In This Issue
Explore the February 1965 print edition below. Or to discover more writing from the pages of The Atlantic, browse the full archive.
CURTIS CATE, who represents the ATLANTIC in Paris, served with the American Army in Czechoslovakia at the end of the Second World War. Last June he returned to Prague for the first time since 1945. Here is what he saw and heard.
DAVID BRINKLEY, who reports from Washington each weekday night to the millions who follow NBC-TV‘s ITLN rLEY-BRINKLEY REPORT, broke into journalism in his hometown, Wilmington, North Carolina, as a seventeenyear-old high school columnist for a relative‘s weekly. Except for an interlude in the U. S. Infantry, Mr. Brinkley, now forty-four, has been reporting ever since. He is one of the relatively few electronic journalists who writes all his own lines. In addition, he is a talented woodworker, a silently dangerous poker player, a sage handicapper of thoroughbreds, and generously inaccurate at pocket billiards.
As a prelude to becoming a superb fighting general and an ambassador to France, JAMES M. GAVINpicked coal and sold papers for a living in the Pennsylvania mining towns, enlisted in the between-wars regular Army, got into West Point without a high school education, learned to fly, and then helped to pioneer in the development of the airborne infantry. Now, at fifty-seven, he is chairman of the board of Arthur D. Little, Inc., one of the country‘s most versatile research corporations.
The associate editor of the ATLANTIC, whose lead essay in our Accent on Living has prompted many a reader to turn first to that department, CHARLES W. MORTON here describes an innocent venture in magazine publishing.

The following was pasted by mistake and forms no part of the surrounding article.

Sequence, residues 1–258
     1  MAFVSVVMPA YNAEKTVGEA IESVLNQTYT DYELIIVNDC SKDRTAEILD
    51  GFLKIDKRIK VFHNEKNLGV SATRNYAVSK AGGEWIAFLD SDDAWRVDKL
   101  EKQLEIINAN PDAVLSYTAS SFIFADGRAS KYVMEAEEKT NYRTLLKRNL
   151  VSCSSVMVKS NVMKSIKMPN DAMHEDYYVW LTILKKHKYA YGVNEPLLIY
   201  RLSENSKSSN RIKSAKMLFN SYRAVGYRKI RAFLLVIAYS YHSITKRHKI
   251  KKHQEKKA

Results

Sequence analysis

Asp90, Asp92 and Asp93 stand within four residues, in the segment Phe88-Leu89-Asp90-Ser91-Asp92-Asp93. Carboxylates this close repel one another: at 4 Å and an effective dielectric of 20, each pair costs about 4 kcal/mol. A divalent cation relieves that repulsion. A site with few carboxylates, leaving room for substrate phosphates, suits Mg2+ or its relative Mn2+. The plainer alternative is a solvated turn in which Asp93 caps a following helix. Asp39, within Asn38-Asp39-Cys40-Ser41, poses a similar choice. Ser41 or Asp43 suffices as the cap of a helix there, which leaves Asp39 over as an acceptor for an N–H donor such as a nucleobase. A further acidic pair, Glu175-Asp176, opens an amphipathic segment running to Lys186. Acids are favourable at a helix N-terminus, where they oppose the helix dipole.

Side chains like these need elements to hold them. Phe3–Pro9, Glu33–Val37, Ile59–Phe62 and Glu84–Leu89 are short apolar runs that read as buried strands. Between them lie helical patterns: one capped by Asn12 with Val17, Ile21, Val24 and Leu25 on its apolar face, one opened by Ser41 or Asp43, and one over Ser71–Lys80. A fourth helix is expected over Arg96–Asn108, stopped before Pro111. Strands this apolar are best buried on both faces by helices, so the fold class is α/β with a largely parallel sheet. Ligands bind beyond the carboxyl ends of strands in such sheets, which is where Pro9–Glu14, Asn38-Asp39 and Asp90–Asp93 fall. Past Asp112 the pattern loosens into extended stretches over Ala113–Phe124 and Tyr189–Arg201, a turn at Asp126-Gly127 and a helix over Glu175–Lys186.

Economist, educator, editor, and author of several books, including THE AFFLUENT SOCIETY, JOHN KENNETH GALBRAITH was a key figure in the presidential campaigns of Adlai E. Stevenson and John F. Kennedy. A firm believer in the practical interplay of economics and politics, Mr. Galbraith is also a strong exponent of candor on public questions. He has held a variety of posts in government, and from 1961 to 1963, he was United States ambassador to India, a post which gave him new perspective on the premises underlying our foreign policy.
After twenty-one years of absence from Puka-Puka in the Cook Islands, JOHNNY FRISBIE returned to her native land. There she explored the old homesites and spoke with the ancient men whom her father, the author Robert Dean Frisbie, used as characters in his novels. There she saw again Mama Tala.
Since it was founded in 1893. the Henry Street Settlement has served the children and the young people of New York‘s Lower East Side, helping them to cope ivilh disease, filth, overcrowding, gang warfare, and other problems arising out of poverty and unemployment. In the last decade, drug addiction among teen-agers has been an ever more serious concern. The article which follows has been drawn from THE ADDICT IN THE STREET,a book of interviews with heroin addicts edited by JEREMY LARNERand shortly to be published by Grove Press. Mr. Larner is the author of DRIVE, HE SAID,a novel that won the $10,000 Delta Prize.
An American by birth, Marguerite Chapin Caetani, during her life in Paris and Rome, became one of the great patrons of letters and the editor of two famous periodicals published at her own expense, COMMERCEand BOTTEOHE OSCURE.We are happy to publish this memorial portrait written by her intimate friend the biographer IRIS ORIGO,author of LEOPARDI, THE MERCH YNT OF PRATO, THE WORLD OF SAN BERNARDINO,and THE LAST ATTACHMENT,a brilliant account of Byron‘s love affair with Countess Guiccioli.
A graduate of the University of Denver, WYMOND J. EHRENKROOKbegan leaching social studies and mathematics in Denver in 1937, and four years later became assistant principal at East High School. After three years as an officer in the U.S. Air Corps during the war, he returned to East High School, serving in a variety of administrative posts. He is now executive director of the division of instructional services for the Denver secondary public schools.
There is every evidence of an increasing interest in ATLANTIC poetry. As an incentive for writers yet unestablished, twice a year we set aside a number of pages in the ATLANTIC to be devoted to the work of young poets.